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Sisolak: Property Tax Cap Forces County To Seek Sales Tax For More Cops


Clark County is again looking at a way to raise money to pay for more cops on the streets.

After rejecting many proposals to increase sales taxes to fund the hiring of more police officers, the Clark County Commission appears poised to consider the idea again.

This time around, Chairman Steve Sisolak told KNPR's State of Nevada, he plans to support the increase.

Sisolak said a lack of tax revenue, brought about in part because of the state's property tax cap -- the cap prevented tax revenues from rising even as property values rose from the depths of the recession.

"With the huge (valuation drop) that came four to five years ago, when a $200,000 fell to $100,000 in one year, the property tax fell to (reflect the $100,000 home value)," he said.

But home values have increased dramatically. But property taxes on residences can only increase 3 percent a year. 

"So even if a home is now back up to $200,000, the property tax is based on just $100,000," Sisolak said. "It's going to take 25 years to get back to where we were."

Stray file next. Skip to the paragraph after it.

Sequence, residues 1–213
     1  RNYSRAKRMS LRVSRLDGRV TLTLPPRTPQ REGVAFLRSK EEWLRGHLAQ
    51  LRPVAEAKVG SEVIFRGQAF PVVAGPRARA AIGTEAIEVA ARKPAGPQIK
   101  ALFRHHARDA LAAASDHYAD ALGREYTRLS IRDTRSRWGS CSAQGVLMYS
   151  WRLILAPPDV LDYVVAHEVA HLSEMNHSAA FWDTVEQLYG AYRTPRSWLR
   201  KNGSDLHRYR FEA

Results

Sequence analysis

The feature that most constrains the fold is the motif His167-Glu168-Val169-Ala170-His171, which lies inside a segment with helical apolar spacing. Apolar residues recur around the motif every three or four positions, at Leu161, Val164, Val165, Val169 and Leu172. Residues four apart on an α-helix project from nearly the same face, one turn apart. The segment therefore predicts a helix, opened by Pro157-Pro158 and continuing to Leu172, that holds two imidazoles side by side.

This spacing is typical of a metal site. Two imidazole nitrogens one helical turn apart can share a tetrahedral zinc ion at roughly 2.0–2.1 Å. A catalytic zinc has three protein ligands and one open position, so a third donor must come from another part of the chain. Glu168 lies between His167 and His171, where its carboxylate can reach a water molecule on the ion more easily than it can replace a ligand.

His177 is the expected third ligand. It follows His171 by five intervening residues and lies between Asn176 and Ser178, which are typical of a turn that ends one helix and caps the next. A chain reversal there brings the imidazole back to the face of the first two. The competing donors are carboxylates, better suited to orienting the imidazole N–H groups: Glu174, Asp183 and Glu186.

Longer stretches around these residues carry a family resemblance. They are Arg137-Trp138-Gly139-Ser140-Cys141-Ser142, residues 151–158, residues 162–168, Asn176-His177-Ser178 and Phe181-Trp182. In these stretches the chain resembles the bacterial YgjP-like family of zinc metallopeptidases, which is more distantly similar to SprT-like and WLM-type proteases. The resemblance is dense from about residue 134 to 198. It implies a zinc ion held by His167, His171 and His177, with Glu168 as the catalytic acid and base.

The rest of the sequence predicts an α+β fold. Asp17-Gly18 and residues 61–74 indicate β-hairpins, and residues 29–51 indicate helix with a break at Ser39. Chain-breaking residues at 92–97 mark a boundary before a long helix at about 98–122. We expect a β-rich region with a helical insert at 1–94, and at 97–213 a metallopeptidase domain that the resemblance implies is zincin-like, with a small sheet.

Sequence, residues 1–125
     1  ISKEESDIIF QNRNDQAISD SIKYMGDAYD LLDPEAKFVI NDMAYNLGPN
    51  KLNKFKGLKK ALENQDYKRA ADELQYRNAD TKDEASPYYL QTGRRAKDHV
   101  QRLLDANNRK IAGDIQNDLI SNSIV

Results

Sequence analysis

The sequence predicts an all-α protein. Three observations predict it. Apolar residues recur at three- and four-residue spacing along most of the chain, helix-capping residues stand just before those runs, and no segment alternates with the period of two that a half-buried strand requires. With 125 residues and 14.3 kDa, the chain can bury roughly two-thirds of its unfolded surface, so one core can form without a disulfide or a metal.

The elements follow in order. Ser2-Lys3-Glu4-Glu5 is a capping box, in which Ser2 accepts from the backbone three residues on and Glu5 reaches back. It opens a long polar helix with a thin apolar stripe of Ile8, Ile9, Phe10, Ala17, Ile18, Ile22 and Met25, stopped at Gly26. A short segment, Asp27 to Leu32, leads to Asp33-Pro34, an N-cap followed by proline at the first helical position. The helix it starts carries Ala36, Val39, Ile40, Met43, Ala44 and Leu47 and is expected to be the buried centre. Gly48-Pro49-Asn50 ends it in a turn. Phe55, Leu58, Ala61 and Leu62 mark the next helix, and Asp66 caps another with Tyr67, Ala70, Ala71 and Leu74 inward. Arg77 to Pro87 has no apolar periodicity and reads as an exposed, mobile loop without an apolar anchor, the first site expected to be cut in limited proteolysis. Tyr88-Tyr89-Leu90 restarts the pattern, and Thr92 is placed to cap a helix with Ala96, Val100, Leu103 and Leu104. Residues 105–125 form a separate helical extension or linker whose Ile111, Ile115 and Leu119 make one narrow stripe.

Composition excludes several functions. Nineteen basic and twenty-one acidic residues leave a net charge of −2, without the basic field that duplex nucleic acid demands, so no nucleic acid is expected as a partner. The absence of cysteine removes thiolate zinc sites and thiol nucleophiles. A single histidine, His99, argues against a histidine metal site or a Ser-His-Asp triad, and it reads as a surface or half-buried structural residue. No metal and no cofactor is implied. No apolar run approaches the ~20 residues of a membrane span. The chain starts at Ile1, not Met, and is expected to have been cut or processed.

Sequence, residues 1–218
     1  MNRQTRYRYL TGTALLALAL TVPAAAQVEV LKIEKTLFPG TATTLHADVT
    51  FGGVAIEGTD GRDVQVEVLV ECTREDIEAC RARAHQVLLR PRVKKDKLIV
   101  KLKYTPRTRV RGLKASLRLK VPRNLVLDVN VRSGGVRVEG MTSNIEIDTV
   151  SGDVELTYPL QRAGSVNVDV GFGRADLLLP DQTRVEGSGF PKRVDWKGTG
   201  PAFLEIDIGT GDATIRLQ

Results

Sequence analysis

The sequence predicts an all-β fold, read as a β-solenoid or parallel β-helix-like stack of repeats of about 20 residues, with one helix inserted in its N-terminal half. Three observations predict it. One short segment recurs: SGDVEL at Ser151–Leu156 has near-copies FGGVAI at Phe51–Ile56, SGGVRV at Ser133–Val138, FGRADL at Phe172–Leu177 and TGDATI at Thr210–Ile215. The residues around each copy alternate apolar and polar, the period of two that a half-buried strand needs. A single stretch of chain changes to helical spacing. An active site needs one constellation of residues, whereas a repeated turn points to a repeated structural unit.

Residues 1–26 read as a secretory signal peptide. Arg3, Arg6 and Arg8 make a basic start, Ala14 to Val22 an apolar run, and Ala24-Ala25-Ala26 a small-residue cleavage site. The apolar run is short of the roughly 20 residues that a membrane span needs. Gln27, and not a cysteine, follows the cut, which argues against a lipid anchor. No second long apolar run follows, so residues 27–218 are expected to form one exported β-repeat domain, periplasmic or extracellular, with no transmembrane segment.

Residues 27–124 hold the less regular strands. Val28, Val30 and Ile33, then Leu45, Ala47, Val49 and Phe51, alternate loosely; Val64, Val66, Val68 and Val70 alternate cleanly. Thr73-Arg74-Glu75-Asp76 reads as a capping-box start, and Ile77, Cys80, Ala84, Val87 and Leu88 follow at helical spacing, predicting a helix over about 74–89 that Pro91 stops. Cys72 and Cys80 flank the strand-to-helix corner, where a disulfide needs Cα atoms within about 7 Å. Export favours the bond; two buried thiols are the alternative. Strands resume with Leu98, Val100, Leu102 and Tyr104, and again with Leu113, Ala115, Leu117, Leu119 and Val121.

Meanwhile, he has heard from constituents telling him they want more police on the streets.​

"There's a need for more police in our neighborhoods, on the Strip, in downtown Fremont Street," he said. "And while I don't think a sales tax is the most stable or fair way to pay for that, it's the only option right now."

Support comes from

Sisolak added that he has heard from constituents that they want Metro to respond to minor traffic accidents, again. As a cost and time-saving measure, Metro stopped responding to minor, non-injury accidents more than a year ago.

"I'm hearing concern from single women and senior citizens," the commissioner said. When accidents occur, even small ones, "law enforcement gives a sense of security and calm."

The commission will consider increasing the county tax rate from 8.1 percent to 8.15 percent. That will allow the hiring of about 135 more officers in the Las Vegas Metropolitan Police Department. Other municipalities in the county will also get more revenue to hire officers.

Sisolak said the current officer-to-population rate is about 1.74 per 1,000 people. The new hires will help increase that rate to the preferred 2.0 per 1,000 people.

Though he feels a sales tax is regressive -- it hurts those with lower incomes more than those in higher income brackets -- Sisolak said he feels there's no other way to increase police numbers.

During the 2015 legislative session, state lawmakers turned away a call to tax services. Sisolak said a service tax would have been a big help to Nevada municipalities.

"We're taxing necessities," he said, "and not taxing luxuries."

The commission will introduce the proposal at its meeting Tuesday. A vote could come as soon as September 1.


Steve Sisolak, Clark County Commission chairman

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KNPR's State of Nevada
KNPR's State of Nevada
KNPR's State of Nevada